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Robertson: Darfur now a living hell

  • Story Highlights
  • Rape, hunger exacerbate hardships in Darfur refugee camps
  • U.N. peacekeeping force underequipped and undermanned
  • Millions of people have been affected by conflict
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By CNN Senior International Correspondent Nic Robertson
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(CNN) -- Life for the millions of people in Darfur's aid camps is a living hell. Women are often raped while out collecting firewood and security is so bad aid trucks can't get through, resulting in food handouts being halved.

A refugee from the western Sudanese region of Darfur stands in front of a makeshift hut.

A refugee from the western Sudanese region of Darfur stands in front of a makeshift hut.

So far this year 66 trucks belonging to the U.N.'s World Food Programme have been hijacked, three drivers killed in attacks and thirty more drivers are still missing.

A United Nations peacekeeping force with the power to shoot back if attacked has been deployed in Darfur in recent months, but despite being the largest ever sanctioned by the U.N. it is undermanned and under-equipped. The troops say there is no peace to keep and their troops are being attacked.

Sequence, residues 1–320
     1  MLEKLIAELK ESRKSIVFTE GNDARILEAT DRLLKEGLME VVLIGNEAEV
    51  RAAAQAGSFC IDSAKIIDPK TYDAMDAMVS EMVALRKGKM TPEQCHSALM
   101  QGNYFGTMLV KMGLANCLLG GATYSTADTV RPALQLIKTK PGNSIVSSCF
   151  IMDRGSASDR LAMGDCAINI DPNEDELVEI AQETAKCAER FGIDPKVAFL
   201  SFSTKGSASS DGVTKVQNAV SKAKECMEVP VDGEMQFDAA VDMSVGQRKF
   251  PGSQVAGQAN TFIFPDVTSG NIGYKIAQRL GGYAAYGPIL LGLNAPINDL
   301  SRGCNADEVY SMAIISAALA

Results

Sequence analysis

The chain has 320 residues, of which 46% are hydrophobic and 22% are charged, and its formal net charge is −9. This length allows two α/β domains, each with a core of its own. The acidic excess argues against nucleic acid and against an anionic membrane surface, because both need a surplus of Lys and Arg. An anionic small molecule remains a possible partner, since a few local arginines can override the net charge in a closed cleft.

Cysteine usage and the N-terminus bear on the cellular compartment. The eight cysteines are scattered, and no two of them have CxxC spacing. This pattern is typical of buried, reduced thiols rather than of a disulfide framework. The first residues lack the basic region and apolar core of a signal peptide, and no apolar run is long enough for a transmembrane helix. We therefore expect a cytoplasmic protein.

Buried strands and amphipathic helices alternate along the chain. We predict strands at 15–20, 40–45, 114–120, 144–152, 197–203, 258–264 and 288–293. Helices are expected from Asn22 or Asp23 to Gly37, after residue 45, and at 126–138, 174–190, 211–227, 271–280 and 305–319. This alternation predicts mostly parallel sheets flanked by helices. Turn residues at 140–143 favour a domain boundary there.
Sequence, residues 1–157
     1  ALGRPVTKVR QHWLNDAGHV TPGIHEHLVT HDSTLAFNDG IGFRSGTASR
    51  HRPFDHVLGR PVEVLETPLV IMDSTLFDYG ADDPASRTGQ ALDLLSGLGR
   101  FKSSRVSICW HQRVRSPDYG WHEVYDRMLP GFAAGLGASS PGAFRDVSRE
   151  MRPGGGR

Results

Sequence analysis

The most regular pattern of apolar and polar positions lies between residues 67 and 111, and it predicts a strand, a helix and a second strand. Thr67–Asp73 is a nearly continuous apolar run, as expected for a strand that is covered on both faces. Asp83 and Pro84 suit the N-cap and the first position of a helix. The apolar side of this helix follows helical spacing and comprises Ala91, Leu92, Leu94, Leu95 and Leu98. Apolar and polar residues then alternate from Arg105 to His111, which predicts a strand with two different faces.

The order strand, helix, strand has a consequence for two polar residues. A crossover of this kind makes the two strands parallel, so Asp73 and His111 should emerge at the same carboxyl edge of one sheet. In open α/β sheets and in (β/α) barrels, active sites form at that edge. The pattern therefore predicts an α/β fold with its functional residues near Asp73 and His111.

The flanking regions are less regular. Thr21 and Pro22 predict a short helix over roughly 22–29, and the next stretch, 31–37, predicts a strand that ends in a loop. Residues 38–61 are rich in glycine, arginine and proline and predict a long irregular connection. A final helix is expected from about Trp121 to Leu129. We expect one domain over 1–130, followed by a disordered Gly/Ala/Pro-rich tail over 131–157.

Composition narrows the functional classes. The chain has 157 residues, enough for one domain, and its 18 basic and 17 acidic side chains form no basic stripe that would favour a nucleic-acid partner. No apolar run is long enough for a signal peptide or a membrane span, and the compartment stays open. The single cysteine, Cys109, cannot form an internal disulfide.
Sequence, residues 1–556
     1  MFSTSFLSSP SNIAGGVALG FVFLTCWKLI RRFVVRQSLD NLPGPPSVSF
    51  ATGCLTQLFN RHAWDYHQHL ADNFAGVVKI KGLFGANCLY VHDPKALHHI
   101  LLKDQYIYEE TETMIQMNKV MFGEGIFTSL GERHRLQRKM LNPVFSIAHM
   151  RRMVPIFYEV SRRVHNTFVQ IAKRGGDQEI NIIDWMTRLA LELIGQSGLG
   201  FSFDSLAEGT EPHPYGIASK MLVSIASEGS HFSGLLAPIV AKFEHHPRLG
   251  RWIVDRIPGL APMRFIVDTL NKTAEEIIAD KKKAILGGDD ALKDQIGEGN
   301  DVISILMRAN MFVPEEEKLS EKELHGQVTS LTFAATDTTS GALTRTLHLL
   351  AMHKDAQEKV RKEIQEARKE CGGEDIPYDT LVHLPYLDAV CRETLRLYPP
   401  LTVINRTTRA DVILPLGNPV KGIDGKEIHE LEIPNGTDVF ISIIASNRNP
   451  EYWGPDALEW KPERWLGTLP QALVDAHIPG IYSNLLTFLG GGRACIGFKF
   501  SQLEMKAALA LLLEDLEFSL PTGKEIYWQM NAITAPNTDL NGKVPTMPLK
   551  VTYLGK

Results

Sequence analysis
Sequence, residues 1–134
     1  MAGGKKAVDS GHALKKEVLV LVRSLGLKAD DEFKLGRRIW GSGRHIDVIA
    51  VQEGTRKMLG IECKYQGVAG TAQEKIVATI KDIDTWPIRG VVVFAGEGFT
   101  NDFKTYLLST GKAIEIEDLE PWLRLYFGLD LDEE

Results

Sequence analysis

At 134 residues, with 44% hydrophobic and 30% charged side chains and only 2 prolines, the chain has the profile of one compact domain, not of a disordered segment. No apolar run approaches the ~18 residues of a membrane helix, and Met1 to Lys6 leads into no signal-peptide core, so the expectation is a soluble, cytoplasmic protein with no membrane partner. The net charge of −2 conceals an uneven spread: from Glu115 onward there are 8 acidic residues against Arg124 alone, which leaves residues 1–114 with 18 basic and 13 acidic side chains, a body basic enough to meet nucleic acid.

Recently 60 militiamen on horseback raided a peacekeeping patrol, stealing soldiers' weapons, ammunition, money and even their cell phones.

The crisis in Darfur first began when rebels who are mostly ethnic African farmers attacked government outposts in 2002 because they wanted power.

The Sudanese government repressed the insurgency, bombing villages and arming nomadic Arab herdsmen, Janjaweed, who have a history of land disputes with the farmers.

In five years of war the U.N. says more than four million people have been affected: Two-and-a-half million people forced from their homes and more than 300,000 killed.

Sudanese officials dispute those numbers claiming only 10,000 have died -- a number they say is normal for five years of war. Video Watch officials deny Darfur crimes »

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U.S. President George W. Bush calls the killings genocide and has put sanctions on Sudan. The U.N. says Sudan's government is guilty of crimes against humanity and of violating international human rights laws every bit as heinous and serious they say as genocide.

In February 2008, a fresh wave of killing forced 58,000 people to flee their homes as government troops and Janjaweed militiamen retaliated against rebels. A U.N. report said Sudan broke international law as 115 innocent civilians were killed using tactics similar to those employed in 2003, 2004, the worst years of the war.

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